One Man’s Meat
On Sunday mornings, as I fix my one extravagant breakfast of the week, I frequently watch “CBS Sunday Morning” for some light and informative entertainment. I was on the same schedule a few weeks ago. Having prepared and eaten my scrumptious fare of sausage, scrambled eggs, and raspberry pancakes, I began to clean up the kitchen.
The water was on and filling the sink as I shuffled pans and utensils and placed bowls and plates in the dishwasher. I was still listening to the TV as host Charles Osgood announced the upcoming segment, “Barbecue, Human Style.” Whoa! Barbecue—human style??!!! What’s going on here? Are we being introduced to the latest, if questionable— or even illegal—culinary trend?
I realize there are real barbecue devotees out there in search of the ultimate gustatory grilling experience but this seemed a bit over the top. If CBS execs are sending news crews to remote, primitive cultures to research cannibal cuisine they must be really hungry for a story. Surely by now cannibalism has pretty much gone the way of witch burnings and human sacrifice. Or could it be there is some weird cult here in the good ole U.S. of A. with extremely macabre initiation rites? On the other hand, maybe the sushi crowd has exhausted its taste (?) for raw fish and is demanding more exotic fare.
According to It’s a Weird World* by Paul Stirling Hagerman, someone has produced a scientific study (probably funded by a federal grant—Don’t you just love how intellectually curious our government officials are?) on the nutritional value of cannibalism. In this report the experts postulate that, if “skillfully butchered” the body of a 150-pound man would yield 90 pounds of edible muscle, enough to feed “a sit-down dinner for 75 people.” (pp. 64-65)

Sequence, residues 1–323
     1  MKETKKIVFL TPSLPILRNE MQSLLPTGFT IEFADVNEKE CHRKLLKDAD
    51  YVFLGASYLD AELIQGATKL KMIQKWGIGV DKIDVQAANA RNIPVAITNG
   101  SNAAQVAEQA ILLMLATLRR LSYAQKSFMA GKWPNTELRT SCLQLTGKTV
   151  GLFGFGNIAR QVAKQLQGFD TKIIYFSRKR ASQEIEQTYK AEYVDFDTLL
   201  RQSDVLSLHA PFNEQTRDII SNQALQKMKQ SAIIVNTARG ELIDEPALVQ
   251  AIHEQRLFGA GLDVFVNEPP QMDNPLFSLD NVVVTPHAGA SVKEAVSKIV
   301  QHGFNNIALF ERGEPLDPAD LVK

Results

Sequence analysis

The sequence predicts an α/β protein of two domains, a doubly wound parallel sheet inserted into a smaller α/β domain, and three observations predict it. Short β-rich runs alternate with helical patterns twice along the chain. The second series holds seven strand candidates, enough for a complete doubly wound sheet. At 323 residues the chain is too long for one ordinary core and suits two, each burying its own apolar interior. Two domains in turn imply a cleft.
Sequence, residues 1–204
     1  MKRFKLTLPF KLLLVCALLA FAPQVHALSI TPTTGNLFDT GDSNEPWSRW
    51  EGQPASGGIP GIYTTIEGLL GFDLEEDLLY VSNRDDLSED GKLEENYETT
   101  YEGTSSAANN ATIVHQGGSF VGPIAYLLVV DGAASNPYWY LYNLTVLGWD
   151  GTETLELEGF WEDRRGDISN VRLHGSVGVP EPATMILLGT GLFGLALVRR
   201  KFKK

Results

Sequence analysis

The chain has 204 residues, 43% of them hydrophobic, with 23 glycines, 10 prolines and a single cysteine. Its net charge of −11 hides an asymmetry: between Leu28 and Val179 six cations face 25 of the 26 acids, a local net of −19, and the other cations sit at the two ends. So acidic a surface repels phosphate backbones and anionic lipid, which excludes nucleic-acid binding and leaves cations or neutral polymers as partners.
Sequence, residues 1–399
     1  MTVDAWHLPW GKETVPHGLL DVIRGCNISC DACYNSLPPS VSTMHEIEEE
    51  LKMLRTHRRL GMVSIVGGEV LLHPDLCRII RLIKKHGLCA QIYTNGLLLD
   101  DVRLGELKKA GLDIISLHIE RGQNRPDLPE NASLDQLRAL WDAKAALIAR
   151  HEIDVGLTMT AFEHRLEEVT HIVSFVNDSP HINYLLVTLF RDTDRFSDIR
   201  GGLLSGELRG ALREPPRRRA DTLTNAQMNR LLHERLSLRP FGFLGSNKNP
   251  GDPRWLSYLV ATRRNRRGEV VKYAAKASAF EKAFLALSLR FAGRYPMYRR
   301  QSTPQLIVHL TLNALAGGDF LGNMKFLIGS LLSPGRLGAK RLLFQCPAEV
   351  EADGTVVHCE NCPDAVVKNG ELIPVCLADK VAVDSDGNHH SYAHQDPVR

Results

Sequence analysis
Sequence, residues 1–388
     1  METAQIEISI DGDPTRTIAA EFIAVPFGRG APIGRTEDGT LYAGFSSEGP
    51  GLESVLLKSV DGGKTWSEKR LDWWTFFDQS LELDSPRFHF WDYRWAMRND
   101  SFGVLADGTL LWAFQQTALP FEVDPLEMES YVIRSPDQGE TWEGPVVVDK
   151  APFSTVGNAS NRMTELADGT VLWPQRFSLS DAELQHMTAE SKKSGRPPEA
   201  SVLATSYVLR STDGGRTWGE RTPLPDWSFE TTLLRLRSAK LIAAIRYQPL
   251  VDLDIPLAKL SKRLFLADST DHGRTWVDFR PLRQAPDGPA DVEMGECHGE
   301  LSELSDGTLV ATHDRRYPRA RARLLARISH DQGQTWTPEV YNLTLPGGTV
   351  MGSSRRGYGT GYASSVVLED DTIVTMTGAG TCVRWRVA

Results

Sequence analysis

To paraphrase: Give a man a (raw) fish and he’ll eat sushi for a day but teach him to cook his brother and he’ll feed an entire village.
The idea of human barbecue set my brain a-whirl trying to imagine the menu for the next family reunion or tail-gate party. For an appetizer you could serve an assortment of finger foods, of course. To go along with the recently deceased’s ribs and your favorite barbecue sauce you could serve head cheese, elbow macaroni, muscles on the half-shell, hot cross buns with toe jam, chestnuts, and kidney beans. The beverage of choice: What else? Bloody Marys. Top off this repast with ladyfingers for dessert. Or perhaps navel oranges for the diet conscious. This has got to be hand-to-mouth dining at its most outrageous.
Don’t Expect a Tip
It was beginning to dawn on me that a meal like this would be enough to give any cannibal heartburn, if not a full blown heart attack, when the commercial break ended and I heard the affable Charles Osgood, introducing the much anticipated report with, “Barbecue, Cuban Style.”
What?!! “Barbecue, Cuban Style!” Not human, but Cuban? No cannibals? No guy on a grill? No dame all a-flame? No tot in a pot? What a rook! What about my brilliant barbecue bill of fare? It was all just a fluke of audio distortion? Oh, well, that’s okay. I was out of Pepto Bismol anyway.
©2012, The Wit’s End Scribbler
*New York: Sterling Publishing, 1990.